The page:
Whether you’re saving up to have a wall of windows draped or ready to place an order with a local workroom, here’s an idea book packed with insider terminology. Not only will this help you understand what goes into creating draperies, it will make you look as though you know what you’re talking about when you’re ready to place that order. You’ll get the look you want and save time and money, too.
Panel width. One of the first questions to come out of a seamstress’s mouth will be, “How many panel widths?” This refers to the width of a standard-size drapery panel, which is approximately 48 inches wide when drawn closed. If you’re simply covering a small-to-medium-size window (36-60 inches wide), you’ll most likely want to go with one single-width panel on each side. This particular space had a pair of wide French doors to cover so I opted for two double-width panels. The double-width sizing allows for a really nice stack-back when the draperies are drawn open. In case the name doesn’t give it away, “stack-back” refers to how the draperies hang when pushed away from the window for decorative effect.
Pattern repeat — flat. Pattern repeat is another important factor if you choose to go with a print fabric on your window treatments. Keep in mind that the overall effect is totally different with upholstery than it is with drapery panels. When used for upholstery or wallcovering applications, the fabric will lay flat and therefore you get the full effect of the pattern repeat. That ain’t the case with draperies. See this ain’t-she-purdy paisley print? Take a look at it flat, then take a look at it in the next image.
Pattern repeat — pleated. See what I mean? The overall look of the print is totally different when the ripple effect from top pleats factors in. Pattern repeat can also have a huge impact on budget, depending on its size. Tighter patterns like this paisley print have multiple areas where the shape repeats itself. This is good, ladies and gentlemen, this is very, very good. Why? A tighter, plentiful repeat means it’s easier to match the print from one panel to another thus creating less waste. Patterns that only match up in one or two spots mean more cutting away to get to the right spot; all the cutting leaves wasted fabric on the floor — fabric you’ve paid for. Doh! But not to worry, seamstresses know how to center the pattern to make the match easier.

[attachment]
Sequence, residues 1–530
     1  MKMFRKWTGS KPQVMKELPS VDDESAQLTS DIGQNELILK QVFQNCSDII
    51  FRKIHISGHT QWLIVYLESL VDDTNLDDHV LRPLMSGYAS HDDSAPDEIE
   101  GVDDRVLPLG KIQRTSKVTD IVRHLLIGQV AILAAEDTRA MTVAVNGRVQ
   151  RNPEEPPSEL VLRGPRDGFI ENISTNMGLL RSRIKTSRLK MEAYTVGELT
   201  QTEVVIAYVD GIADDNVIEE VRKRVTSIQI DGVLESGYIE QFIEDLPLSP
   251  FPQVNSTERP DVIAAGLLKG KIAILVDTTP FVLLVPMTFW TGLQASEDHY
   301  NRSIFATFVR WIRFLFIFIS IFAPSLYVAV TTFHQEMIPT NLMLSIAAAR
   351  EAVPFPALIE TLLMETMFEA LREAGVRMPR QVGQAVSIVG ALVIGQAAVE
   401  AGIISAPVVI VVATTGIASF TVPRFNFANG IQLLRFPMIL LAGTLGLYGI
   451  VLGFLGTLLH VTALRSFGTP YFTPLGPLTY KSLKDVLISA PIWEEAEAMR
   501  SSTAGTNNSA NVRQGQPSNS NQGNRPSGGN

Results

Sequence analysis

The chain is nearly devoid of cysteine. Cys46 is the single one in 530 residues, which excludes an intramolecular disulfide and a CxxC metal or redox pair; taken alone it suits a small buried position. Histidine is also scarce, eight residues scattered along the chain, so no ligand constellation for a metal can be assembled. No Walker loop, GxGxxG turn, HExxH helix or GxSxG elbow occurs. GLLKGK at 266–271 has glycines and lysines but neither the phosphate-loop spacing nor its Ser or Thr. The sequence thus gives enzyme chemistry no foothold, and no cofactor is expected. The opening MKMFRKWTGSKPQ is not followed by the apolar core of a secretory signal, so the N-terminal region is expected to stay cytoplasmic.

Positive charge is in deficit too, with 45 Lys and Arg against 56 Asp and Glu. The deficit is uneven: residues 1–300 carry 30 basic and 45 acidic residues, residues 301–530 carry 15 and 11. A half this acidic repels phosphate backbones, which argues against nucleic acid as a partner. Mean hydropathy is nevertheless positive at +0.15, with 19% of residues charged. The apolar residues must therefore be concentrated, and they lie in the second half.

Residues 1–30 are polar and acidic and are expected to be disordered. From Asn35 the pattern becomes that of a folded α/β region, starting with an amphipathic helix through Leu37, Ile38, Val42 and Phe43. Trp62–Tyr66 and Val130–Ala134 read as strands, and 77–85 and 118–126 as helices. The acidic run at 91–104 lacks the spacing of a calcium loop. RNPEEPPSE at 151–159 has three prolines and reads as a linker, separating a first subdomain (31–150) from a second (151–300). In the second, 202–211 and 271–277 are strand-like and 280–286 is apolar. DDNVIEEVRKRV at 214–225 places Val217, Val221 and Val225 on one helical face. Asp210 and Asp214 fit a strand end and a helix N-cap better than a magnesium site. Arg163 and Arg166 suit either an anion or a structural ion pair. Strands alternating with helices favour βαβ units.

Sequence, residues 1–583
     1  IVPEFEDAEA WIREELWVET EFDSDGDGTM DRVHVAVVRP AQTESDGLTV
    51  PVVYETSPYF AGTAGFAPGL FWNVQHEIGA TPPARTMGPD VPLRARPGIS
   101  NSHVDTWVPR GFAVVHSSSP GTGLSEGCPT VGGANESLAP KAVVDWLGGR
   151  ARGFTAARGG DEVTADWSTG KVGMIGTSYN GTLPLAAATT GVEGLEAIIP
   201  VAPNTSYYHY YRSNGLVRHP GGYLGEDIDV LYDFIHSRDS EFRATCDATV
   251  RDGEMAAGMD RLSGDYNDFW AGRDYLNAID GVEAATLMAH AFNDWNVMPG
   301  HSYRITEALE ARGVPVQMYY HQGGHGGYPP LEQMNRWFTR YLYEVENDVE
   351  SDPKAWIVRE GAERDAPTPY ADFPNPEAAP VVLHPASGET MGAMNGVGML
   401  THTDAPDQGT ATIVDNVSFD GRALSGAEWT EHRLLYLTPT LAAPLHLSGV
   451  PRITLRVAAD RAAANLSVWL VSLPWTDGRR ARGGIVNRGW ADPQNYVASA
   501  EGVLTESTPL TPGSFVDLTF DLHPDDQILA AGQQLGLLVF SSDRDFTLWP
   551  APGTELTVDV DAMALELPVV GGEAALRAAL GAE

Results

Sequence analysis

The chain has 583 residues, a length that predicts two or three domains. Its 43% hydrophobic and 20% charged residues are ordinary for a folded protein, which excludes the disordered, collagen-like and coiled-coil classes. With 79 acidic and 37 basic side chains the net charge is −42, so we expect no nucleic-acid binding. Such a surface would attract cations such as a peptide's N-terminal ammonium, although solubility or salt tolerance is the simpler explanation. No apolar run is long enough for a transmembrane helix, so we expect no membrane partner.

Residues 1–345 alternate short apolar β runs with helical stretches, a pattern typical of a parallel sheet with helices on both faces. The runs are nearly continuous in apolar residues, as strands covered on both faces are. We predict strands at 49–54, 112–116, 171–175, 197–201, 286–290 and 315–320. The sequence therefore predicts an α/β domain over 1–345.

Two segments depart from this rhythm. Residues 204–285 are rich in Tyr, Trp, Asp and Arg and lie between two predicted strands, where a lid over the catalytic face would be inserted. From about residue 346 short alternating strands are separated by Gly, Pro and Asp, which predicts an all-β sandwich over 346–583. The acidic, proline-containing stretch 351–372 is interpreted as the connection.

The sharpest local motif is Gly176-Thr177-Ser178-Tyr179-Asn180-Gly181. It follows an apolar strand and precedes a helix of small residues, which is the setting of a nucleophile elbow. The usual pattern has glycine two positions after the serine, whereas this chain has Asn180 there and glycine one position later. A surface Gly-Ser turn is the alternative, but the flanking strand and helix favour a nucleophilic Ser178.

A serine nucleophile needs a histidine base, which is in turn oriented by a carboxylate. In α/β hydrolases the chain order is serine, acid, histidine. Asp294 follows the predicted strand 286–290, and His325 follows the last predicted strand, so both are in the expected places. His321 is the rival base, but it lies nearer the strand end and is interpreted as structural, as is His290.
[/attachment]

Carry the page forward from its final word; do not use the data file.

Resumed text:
Drapery rings. Now we’re entering budget-breaking territory: hardware. Clients often want to punch me in the face the moment I talk hardware pricing, especially after they see the numbers for the drapery panels. But just as the wrong accessories can make or break an outfit, drapery rings can totally change the dressing of your windows.
If you’re simply putting up two single panels, it ain’t no big thing, y’all. If you’re covering an entire wall of windows, that’s another story. To figure out how many you’ll need, just keep in mind that each single panel will require about 8 drapery rings.
Drapery hooks. Well how do those purdy little rings get on up there with them purdy drapes? See the teency weency silver hook latched on to the small ringlet? Yep, that’s a drapery hook. These insert up into the back of each panel, usually into the stitching at the back of the pleat. Once in place, this attaches each panel firmly to the ring or ringlet. As opposed to hardware, hooks are usually supplied by the workroom or seamstress as part of the cost for fabrication.
Drapery rods. Pretty self explanatory, huh? In addition to choosing the right finish, you’ll need to keep in mind how the rods will mount to your wall. Most come with brackets wide enough in depth to clear windows, doors and their surrounding trim. Wood rods may require cutting down in order to fit your space perfectly; metal rods often “telescope” in certain areas to increase the length for a perfect fit. I often recommend choosing rods that telescope near each end instead of in the middle; the drapes will most likely sit on top of the telescope and help mask it. Pottery Barn is an excellent source for these.
Finials. And then there are finials, the crown jewels of drapery hardware. When deciding which one is right for your space, think about cost in relation to how visible it’s gonna be from different vantage points in the room. If the window is the star of the space and there ain’t much more to look at, spend away! But if your finials will butt up into corners of adjacent walls, go for the budget version.
That’s it for today’s lesson! Anyone else have great window-treatment tips? Please share